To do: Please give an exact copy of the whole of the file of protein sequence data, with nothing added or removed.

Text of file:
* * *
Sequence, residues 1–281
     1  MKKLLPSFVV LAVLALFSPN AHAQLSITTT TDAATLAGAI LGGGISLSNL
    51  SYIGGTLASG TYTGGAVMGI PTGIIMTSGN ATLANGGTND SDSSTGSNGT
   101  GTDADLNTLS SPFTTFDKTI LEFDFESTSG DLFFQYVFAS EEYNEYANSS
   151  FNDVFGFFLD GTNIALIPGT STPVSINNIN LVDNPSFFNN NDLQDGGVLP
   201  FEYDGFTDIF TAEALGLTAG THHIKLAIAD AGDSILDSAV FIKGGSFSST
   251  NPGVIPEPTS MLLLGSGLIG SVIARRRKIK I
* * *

Sequence, residues 1–281
     1  MKKLLPSFVV LAVLALFSPN AHAQLSITTT TDAATLAGAI LGGGISLSNL
    51  SYIGGTLASG TYTGGAVMGI PTGIIMTSGN ATLANGGTND SDSSTGSNGT
   101  GTDADLNTLS SPFTTFDKTI LEFDFESTSG DLFFQYVFAS EEYNEYANSS
   151  FNDVFGFFLD GTNIALIPGT STPVSINNIN LVDNPSFFNN NDLQDGGVLP
   201  FEYDGFTDIF TAEALGLTAG THHIKLAIAD AGDSILDSAV FIKGGSFSST
   251  NPGVIPEPTS MLLLGSGLIG SVIARRRKIK I